Genius vs. Everybody Else: How Better Content Works for the 99%

good content

I’m convinced there are two types of creators in this world: genius ones and everybody else. By my estimation, 99% of us fall into the latter category, myself very much included. As such, we must play by different rules.

You see, 1% genius talent (or creators) are so good and so talented at what they do, they can release only one or two remarkable things and reach millions of people. That’s what makes them genius. They’re so… breakthrough, if you will, that a limited release schedule cannot keep them grounded.

Laura Hillenbrand, one of my favorite non-fiction authors, is the perfect example of this. Seemingly out of nowhere, this writer from Virginia published her first book, Seabiscuit, in 2001. It’s incredibly well researched, beautifully told, and wholly inspiring. Two years later, it was made into an Academy Award-nominated movie.

In 2010, Hillenbrand released her second, arguably even better, book, Unbroken, which was also made into a major motion picture. Both books combined have sold over 13 million copies and enjoy a perfect 5-star rating on Amazon from tens of thousands of reader reviews. Aside from a few obscure magazine articles, that’s all Hillenbrand has produced to date.

She’s that good.

You and I aren’t, dear reader. If we want to reach the widest possible audience, we cannot release just one or two things like Hillenbrand or other genius talent. We must abide by different rules. The good news is the rules involve only two components that are easily explained with a single sentence. It is as follows:


Good content published regularly wins.


That’s it. To reach and engage your audience, you don’t need great or otherwise genius content. But you do need compelling, interesting, relevant, and timely content. That’s what I mean by good content.

And unlike genius creators, you must publish regularly. What’s regular? In my experience, it’s at least once or twice a week for moderate growth, several times weekly or even daily for hyper growth. Only then can you break through a very noisy market to stay top of mind in the battle for audience mindshare.

Other than that, there’s no secret sauce or special algorithms you must crack. ChuChu TV is a great example of this. Five years ago, the upstart YouTube channel had only a few thousand subscribers. Today, the channel enjoys more than 20 million views—that’s four times the number as “Sesame Street.”

ChuChu TV accomplished this by publishing good content (as deemed by toddlers) with regularity. No tricks, or keyword stuffing, or magic. Just good content published regularly.

Will you reach millions of people like Hillenbrand or ChuChu TV? Probably not. But that’s not the point. You can reach thousands and increase your chances of reaching millions, but only if you play by the rules. Only if you publish good content regularly. When that happens, you will correspondingly increase your repeat buys, first-time buys, subscriptions, comments, shares and views.

Don’t overthink it. When it comes to reaching wider audiences, speak their language with good content published regularly.

ABOUT Blake Snow

Blake Snow contributes to fancy publications and Fortune 500 companies as a seasoned writer-for-hire. He lives in Provo, Utah with his supportive family and loyal dog and is thrilled you read this far.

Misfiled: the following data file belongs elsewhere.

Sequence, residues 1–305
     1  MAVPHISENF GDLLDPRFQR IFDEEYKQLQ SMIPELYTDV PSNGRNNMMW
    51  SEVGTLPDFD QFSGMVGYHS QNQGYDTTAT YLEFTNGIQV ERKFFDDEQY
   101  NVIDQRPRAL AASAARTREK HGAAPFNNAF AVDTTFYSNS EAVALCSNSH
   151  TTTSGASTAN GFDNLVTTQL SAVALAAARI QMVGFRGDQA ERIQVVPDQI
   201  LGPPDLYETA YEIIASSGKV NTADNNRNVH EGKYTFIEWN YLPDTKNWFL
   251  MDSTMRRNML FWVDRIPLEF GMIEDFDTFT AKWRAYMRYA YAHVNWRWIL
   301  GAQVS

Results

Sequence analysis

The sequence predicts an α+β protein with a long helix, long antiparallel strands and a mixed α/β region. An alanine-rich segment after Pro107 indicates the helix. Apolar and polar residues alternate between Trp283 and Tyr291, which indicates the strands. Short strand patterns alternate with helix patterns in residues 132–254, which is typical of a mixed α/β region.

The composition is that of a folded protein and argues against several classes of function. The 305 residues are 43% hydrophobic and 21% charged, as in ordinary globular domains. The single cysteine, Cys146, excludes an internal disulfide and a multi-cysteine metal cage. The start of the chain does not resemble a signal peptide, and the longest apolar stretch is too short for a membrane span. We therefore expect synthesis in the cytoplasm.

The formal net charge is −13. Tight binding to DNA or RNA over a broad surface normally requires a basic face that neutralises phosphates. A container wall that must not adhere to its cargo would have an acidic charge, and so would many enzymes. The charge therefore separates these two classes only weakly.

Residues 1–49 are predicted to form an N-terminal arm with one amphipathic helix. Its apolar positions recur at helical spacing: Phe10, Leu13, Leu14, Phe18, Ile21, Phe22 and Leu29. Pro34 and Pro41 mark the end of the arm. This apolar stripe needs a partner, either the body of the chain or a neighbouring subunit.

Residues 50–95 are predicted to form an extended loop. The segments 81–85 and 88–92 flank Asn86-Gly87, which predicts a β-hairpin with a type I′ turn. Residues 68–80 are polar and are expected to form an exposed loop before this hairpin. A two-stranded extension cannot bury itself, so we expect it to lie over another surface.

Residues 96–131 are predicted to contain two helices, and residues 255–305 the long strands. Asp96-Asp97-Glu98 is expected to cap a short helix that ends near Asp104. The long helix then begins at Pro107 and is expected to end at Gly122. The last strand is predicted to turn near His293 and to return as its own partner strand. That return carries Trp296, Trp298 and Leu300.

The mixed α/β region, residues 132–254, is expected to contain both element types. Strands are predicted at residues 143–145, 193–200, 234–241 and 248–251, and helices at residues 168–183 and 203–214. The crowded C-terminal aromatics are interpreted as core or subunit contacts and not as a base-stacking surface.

The Art of Suspense in Business Storytelling


Stories. Suddenly, everyone is telling them. Chief marketing officers want to hire, not just writers, but storytellers. Multinational corporations now have chief storytelling officers. Nike. Virgin. Accenture, Microsoft, Google, SAP, and Salesforce, among others. The most popular TED talks are really just stories in disguise.

Everyone is jumping onto the bandwagon. Do a quick Google search and you’ll get plenty of listicles of “5 Essential Tips For Business Storytelling,” and “How To Tell A Great Business Story.” These articles trot out the usual platitudes:

-Yes, human brains are wired to hear, process, and remember stories

-Yes, if executives told stories rather than presenting their ubiquitous PPT decks, they’d engage audiences more fully

-Yes, authenticity is key to good storytelling

And so on. These platitudes are not untrue, they’re just not especially …helpful… when you’re trying to write a story.

Suspense is the heart of story

No one talks about the main ingredient of a true story. That ingredient is suspense. Suspense is foundational. Without it, you don’t have a story, and you certainly don’t have an engaged audience.


The reason you need suspense is that you have to keep your audience wondering what will happen next. If you don’t, you lose them. Period.


I’ll let someone much wittier take over here. The English writer E.M. Forster gave a brilliant series of lectures on writing at Trinity College, Cambridge, back in 1927. He said that the need for suspense goes back to the very origins of humanity—and cautioned about the risk to storytellers who don’t wield the weapon of suspense skillfully:

“Neanderthal man listened to stories, if one may judge by the shape of his skull. The primitive audience was an audience of shock-heads, gaping around the campfire, fatigued with contending against the mammoth or the wooly rhinoceros, and only kept awake by suspense. What would happen next? The writer droned on, and as soon as the audience guessed what happened next, they either fell asleep or killed him.”